It's high summer (in the northern hemisphere anyway) and many of you may be seeking shelter from the heat. (I guess those of you in the south may be seeking shelter from cold and dark!) If you need to collapse on the couch and watch TV, I have three space-y recommendations for you.
First of all is The Universe, specifically the episode "Mars, The New Evidence," on the History Channel. Planetary Society Board president Jim Bell and Director of Projects Bruce Betts get lots of face time as on-camera experts in this episode. You'll have to check your local listings to see when it airs; Bruce tells me that for most people in the U.S., it should be on at either 9:00 a.m. or noon tomorrow, Saturday, August 21.
Second is Wonders of the Solar System, a BBC production that is now airing on Wednesday nights on the Science Channel, and which is also available on DVD. I've been recording it and have so far only watched the first episode, and it is fantastic. Unlike so many recent space documentaries, which pander to the audience with huge explosions and "EXTREME!" and so forth, the emotions that seems to drive Wondersare reverence and awe; the show is quiet yet emotionally gripping, while respecting the intelligence of the viewers, and the graphics are terrific and up-to-date. I'd actually recommend going for the DVDs even if you get the Science Channel; I find that the frequent and obnoxious commercials really bring me out of the state of awe and wonder that the show inspires.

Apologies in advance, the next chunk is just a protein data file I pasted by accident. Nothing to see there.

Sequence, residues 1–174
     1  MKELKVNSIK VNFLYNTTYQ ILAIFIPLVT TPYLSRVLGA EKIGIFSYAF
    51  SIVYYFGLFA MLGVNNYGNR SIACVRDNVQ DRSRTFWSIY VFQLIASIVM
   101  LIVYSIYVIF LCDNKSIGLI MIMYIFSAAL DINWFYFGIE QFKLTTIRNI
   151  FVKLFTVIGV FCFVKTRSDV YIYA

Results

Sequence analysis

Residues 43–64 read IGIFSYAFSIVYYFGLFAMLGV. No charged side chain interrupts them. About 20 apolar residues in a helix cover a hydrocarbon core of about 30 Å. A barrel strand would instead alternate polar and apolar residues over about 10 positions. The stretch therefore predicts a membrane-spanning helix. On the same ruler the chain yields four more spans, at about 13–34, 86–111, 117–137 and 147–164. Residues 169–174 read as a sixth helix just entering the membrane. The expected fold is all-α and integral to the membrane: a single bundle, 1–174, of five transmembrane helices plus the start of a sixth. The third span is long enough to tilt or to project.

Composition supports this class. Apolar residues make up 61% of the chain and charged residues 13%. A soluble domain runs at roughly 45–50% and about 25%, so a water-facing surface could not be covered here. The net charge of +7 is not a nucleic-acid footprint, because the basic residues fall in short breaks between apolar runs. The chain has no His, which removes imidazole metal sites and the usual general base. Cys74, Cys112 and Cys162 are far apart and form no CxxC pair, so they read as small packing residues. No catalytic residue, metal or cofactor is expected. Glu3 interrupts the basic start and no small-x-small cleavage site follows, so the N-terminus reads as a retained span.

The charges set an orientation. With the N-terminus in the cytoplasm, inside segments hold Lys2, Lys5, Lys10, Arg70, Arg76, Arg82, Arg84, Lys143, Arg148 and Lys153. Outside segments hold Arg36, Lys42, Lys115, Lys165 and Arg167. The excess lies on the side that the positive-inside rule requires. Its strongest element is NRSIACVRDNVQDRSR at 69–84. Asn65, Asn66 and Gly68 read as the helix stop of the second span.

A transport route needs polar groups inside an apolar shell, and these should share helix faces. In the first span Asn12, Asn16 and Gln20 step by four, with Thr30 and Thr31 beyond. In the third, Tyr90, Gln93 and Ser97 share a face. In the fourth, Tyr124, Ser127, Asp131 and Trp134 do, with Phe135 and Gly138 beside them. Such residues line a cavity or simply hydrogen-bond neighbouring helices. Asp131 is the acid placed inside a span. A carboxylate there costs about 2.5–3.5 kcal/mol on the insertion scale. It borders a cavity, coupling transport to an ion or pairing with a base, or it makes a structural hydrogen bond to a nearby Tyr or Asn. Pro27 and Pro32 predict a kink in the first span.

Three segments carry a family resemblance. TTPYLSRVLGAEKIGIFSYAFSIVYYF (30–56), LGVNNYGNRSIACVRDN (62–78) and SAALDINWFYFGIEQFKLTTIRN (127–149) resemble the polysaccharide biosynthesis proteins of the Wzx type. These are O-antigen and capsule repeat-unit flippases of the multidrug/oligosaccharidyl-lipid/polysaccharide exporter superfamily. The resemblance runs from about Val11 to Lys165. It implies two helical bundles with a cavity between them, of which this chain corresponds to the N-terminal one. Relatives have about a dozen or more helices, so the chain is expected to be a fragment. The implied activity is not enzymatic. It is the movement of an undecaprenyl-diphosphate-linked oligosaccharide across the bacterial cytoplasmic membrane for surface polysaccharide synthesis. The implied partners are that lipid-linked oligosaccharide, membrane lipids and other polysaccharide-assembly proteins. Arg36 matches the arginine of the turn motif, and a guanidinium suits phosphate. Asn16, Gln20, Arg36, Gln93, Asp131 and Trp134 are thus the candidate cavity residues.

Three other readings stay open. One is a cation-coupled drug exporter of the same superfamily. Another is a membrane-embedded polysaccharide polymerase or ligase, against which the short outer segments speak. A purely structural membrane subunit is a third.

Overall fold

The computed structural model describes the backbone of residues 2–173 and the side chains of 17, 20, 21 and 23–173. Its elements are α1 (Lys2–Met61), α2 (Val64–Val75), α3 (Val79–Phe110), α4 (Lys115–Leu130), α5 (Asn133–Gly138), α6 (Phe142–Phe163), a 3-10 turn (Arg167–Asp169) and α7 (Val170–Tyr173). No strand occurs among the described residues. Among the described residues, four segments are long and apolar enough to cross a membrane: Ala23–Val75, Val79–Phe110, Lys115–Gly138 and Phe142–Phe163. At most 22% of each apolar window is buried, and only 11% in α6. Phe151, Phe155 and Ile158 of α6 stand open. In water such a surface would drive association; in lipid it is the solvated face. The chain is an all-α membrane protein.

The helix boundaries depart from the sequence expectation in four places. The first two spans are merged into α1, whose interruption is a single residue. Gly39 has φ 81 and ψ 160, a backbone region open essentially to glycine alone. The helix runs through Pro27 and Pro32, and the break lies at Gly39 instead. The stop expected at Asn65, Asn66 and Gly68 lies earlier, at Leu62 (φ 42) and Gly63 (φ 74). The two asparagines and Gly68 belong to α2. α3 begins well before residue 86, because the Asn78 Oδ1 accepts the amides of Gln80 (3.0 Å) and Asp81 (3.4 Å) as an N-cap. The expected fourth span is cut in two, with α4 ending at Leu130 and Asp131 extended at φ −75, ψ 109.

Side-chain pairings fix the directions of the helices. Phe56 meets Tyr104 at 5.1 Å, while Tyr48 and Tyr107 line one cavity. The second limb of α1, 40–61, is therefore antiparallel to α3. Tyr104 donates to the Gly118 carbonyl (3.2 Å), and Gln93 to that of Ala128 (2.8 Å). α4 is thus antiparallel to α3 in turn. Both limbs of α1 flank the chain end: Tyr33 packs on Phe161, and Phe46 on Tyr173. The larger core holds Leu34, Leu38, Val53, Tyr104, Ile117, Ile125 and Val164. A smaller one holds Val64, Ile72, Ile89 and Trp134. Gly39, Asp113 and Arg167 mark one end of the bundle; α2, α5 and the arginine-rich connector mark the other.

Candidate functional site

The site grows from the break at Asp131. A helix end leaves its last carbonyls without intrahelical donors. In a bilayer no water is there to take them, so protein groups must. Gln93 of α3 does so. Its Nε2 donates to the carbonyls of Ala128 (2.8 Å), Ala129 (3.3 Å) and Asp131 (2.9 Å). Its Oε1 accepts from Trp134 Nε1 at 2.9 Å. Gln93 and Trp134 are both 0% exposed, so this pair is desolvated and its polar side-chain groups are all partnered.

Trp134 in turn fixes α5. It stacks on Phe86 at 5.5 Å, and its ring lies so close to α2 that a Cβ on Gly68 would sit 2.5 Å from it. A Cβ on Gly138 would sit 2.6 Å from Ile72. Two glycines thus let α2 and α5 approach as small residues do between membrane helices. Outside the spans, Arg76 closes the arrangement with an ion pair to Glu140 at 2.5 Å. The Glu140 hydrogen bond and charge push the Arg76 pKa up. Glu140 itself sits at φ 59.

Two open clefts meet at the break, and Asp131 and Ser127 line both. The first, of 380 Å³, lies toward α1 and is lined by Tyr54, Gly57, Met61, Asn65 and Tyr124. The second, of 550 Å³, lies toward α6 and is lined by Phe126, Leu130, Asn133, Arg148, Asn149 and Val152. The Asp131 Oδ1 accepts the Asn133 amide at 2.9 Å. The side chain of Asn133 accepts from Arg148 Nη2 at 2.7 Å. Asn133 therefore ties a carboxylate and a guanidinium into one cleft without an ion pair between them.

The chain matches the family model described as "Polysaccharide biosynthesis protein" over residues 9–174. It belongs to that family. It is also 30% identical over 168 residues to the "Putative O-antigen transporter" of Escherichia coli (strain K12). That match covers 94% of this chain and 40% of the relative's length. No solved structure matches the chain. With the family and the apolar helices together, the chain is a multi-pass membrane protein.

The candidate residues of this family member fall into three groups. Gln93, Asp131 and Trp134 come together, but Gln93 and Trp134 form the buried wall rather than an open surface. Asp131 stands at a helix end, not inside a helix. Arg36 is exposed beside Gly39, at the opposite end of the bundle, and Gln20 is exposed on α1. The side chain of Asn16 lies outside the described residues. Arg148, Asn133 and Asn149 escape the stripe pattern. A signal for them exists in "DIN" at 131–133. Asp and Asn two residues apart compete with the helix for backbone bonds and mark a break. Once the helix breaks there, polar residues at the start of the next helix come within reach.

Finally, this one is not on the air yet, but it's time to set your DVRs: Phil Plait, the Bad Astronomer, has just announced that his TV show on the Discovery Channel, Bad Universe, has received an airdate: Sunday, August 29. While the trailer indicates that this show does indeed attempt to draw people in with big explosions, Phil's usual schtick is to ask people to think, so I'm going to give him the benefit of the doubt for the promised big explosions and look forward to minimal pandering, and lots of well-researched explanations of things that confuse people about astronomy and space exploration.
If you don't feel like watching TV, here's a couple items from the Internet to blow your mind: The Star Wars Soundtrack played in orchestral form by a single woman on an Electone, and the insane and weirdly mesmerizing Star Wars Uncut.